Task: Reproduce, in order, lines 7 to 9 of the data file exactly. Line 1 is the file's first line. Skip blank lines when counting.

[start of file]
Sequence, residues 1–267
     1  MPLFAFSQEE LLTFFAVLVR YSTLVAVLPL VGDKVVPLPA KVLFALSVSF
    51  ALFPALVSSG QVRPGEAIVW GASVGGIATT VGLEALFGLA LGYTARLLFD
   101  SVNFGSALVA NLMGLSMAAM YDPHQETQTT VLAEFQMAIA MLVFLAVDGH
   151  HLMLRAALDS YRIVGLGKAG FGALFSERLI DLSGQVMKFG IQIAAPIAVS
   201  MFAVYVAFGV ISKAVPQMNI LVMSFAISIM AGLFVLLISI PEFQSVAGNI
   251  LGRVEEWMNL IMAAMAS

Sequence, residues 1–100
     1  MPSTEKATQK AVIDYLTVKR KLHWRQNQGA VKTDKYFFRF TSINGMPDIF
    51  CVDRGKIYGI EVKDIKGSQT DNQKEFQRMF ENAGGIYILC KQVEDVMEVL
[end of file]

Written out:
   251  LGRVEEWMNL IMAAMAS

Sequence, residues 1–100
     1  MPSTEKATQK AVIDYLTVKR KLHWRQNQGA VKTDKYFFRF TSINGMPDIF